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# Large numbers (20 digits)

I have string like "12345678901234567890" and I would have to convert
it to number, add one to it and convert it back to text. I can
probably come up with a complex way of doing it, but since someone has
already invented the wheel, I would like to know how this should be
done.

Somehow I had the imprsession that e.g. Roguewave's class library
(Tools.h) offers some kind of solution to this, but I couldn't find
anything from it. I believe it could be in Math++, but as I couldn't find any good documentation from Roguewave's site, I don't know if it is in it and if it is, what method it would be.
0
tonitop
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1 Solution

Commented:
you can do two thing

1)you can use strings as numbers what i mean is you"ll have to write all the operations for strings like <+,-,*,/,%>
and then you"ll have large numbers

2)you can take your string breake it to ints then do the opertion on them and build back the string

i would use the frist one i did it in the past in pascal it's not that hard
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Author Commented:
Thanks.

Those were the options I already know that can be done (not sure how), but I'm looking easier way :) I'm not making class library for handling large numbers and I only need this functionality in one function, so I'm not really interested in how it is implemented as long as it works.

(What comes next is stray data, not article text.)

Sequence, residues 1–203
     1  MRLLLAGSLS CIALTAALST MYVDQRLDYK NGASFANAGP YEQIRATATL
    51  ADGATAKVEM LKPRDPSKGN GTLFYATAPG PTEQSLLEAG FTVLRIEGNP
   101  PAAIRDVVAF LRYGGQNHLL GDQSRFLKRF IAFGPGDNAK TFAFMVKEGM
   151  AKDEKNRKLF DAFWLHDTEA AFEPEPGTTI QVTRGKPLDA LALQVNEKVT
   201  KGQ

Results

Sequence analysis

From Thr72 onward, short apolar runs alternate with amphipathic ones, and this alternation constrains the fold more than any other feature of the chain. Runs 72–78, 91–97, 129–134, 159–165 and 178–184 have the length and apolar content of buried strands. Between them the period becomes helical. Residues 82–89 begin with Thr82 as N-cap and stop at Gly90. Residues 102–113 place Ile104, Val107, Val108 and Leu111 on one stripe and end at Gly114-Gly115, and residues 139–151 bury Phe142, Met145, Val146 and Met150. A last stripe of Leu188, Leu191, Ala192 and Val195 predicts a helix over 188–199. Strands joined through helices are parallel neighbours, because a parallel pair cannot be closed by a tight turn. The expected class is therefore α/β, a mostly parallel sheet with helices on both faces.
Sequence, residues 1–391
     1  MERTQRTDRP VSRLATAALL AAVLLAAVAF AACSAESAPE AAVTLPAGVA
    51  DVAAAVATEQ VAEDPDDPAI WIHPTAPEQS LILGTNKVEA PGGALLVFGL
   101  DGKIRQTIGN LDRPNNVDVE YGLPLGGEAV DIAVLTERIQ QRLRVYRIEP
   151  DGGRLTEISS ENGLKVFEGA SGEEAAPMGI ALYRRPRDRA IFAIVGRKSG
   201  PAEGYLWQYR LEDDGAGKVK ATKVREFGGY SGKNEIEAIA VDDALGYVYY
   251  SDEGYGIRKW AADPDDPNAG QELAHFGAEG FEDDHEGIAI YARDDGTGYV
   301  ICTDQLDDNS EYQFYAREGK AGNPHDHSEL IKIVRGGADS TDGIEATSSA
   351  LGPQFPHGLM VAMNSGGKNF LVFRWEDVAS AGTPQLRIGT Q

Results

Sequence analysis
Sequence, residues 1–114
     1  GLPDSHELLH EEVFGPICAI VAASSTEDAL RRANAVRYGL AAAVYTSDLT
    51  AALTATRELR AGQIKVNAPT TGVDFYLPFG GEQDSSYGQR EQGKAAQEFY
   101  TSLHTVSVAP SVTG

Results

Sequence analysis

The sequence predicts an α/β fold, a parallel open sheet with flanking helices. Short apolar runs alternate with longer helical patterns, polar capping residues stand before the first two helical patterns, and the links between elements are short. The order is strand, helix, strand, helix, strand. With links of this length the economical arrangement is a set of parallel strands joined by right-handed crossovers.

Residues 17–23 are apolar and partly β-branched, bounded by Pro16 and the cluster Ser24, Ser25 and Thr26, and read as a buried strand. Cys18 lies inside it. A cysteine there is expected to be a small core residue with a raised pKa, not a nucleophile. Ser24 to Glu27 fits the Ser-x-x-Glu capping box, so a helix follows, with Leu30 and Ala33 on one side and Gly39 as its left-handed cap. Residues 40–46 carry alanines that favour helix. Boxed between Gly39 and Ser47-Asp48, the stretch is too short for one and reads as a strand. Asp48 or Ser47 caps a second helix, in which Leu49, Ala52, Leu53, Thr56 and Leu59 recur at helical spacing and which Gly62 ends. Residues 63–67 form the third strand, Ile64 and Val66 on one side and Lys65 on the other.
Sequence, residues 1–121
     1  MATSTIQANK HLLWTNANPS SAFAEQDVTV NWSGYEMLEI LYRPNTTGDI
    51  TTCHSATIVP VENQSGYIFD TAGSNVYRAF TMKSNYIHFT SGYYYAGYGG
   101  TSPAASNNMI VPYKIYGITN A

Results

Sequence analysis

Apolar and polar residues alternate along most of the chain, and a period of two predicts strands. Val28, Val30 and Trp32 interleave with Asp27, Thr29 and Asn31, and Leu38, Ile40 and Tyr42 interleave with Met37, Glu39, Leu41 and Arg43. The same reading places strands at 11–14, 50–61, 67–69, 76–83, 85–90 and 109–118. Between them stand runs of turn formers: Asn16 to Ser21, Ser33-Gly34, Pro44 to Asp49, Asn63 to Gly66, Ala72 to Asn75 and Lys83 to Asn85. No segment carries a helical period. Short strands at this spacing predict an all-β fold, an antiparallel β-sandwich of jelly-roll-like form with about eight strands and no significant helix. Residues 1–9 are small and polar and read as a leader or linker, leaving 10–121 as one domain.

IMO in OO Programming one should try to use code written by others and not spend time reinventing the wheel (which would become quite angulate :), especially if the problem is just a small part of the whole program. Of course doing something yourself teaches you, but I have to draw the line somewhere and try to learn things that are more important to my current projects.
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Commented:
If you want only to add one (or two :) ) to this number, you can add it to charcode of last digit in it. And then if last digit bigger than '9', set it to zero and add 1 to previous digit.
Something like this:

last = strlen(str_number);
str_number[last]++;
while( str_number[last] > '9' )
{
str_number[last] = '0';
last--;
str_number[last]++;
}

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Commented:
i think you still can use my first idea
if you want to use only operator + it very easy to do

it like:

123
+
999
----
1122

you sum the last entry and move 1 or 0 to the next entry
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Commented:
make that_i64toa()- sorry...
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Commented:
oops - looks like the original comment got dropped -

If you have __int64 support (Microsoft specific), you could use _atoi64() and _i64toa() to do it...
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Author Commented:
No Microsoft in HP-UX 11 :)
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Commented:
HP-UX has LARGE_INTEGER, though, I believe... it's a quadword type of struct. As for API support, you would check the OS docs for that. Various flavors of UNIX treat this differently... check into that and let me know if that helps...
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Commented:
Hi check this out this works fine for me
unsigned __int64 i;
char mystring[100];
ZeroMemory(mystring, 100);
strcpy(mystring, "12345678901234567890");
i = _atoi64(mystring);
i = i+1;
_ui64toa(i, mystring, 10);

Hope this helps
inpras
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